I used to say that I have lost everything because of this accident. I have come to realize that this is untrue. I still have the love and support of my parents. I still have a handful of wonderful friends who are gentle and help motivate me. And I still have my bike. 

So, since most people won’t experience this degree of loss, they can’t imagine what they would do if they were in my “situation.”

It is overwhelming, for certain. It is a scary, for certain. I have very dark days, for certain. I have trouble imagining a life for myself in the future. I don’t have any of this figured out yet. 

What does it mean to “give up” anyway? I know people use it in phrases that are meant as flippant hyperbole reiterating a platitudinous construct meaning “You’re in a tough spot in life. You’re working incredibly hard. Keep it up.” But, let’s think about giving up in terms of the actual words.

Typically when we give up on or quit something, we move on to some other option. But, what happens when you have no other option? When there is no other place to go for safety? When there is literally nothing else you can do? Giving up is a luxury. Giving up is lot more difficult than just an abstract notion of moving on.

Even in my darkest days, I can’t conceive of the only way to truly give up…

As long as I am alive, giving up is simply not possible. I’m not saying that because I think I am some super-human, super-motivated, super-driven CRPS “warrior” martyr. No. I’m not. I, just like everyone else, am simply governed by regular old human nature.

I tried for the first months, out of denial and sheer desperation, to cling to my life as I knew it. Everything (apart from the love of my family and some very dear friends) gradually fell away. It is the loneliest place to be.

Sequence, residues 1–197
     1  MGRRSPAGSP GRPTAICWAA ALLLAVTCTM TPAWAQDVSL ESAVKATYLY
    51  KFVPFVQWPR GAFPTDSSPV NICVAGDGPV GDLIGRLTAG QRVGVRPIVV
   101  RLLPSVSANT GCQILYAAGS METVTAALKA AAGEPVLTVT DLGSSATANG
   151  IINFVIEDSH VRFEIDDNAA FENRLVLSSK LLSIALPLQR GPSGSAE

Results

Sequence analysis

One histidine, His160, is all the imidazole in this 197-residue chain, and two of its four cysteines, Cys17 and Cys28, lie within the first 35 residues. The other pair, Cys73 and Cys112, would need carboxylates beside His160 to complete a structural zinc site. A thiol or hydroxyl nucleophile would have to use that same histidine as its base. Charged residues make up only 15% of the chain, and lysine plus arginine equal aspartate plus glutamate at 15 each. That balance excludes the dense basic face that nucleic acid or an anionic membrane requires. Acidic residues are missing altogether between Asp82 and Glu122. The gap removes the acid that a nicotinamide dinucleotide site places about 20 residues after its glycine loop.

I was lost. I still am.

Here’s the catch though: CRPS isn’t life-threatening, and yet I will have it for the rest of my life. That means I have (presumably) over forty more years of this. I don’t have over forty years’ worth of tears. I can’t stay in bed in pain with a laptop on my lap for over forty years. I can’t have almost no social interaction for over forty years.

The permanence is unbearably daunting. I don’t have a choice; I am forced to face it, confront it, and deal with it. Knowing that this isn’t going to go away (on its own or possibly at all), I said what any normal human would say in my situation.

Fuck it. I’m far too young for this shit. I gotta try to figure it out. 

And so, I am doing what any normal human would do in my situation. Day by day, I keep trying to salvage scraps of my life. Because I have no other option, including giving up.

Giving up isn’t human nature.

Lay-Down Comedy

I was talking to a friend on the phone the other night, describing some CRPS nonsense or another, and I said, “I don’t have a leg to stand on.”

He paused, gurgled back a chuckle because whatever I was talking about was, in fact, not anything to laugh at, he paused again, and asked, “uhm, did you just intensionally make a leg pun?”

Of course I did. I do it all the time. Leg and nerve puns are great. “Shake a leg,” “I’m on my last leg,” “this is fraying my nerves.” I could go on. But I won’t.

Puns, along with dry (arid, extra-dry) sarcasm, help me tolerate it all. I guess you could say that I have a penchant for finding humor in situations that are exceptionally not at all funny.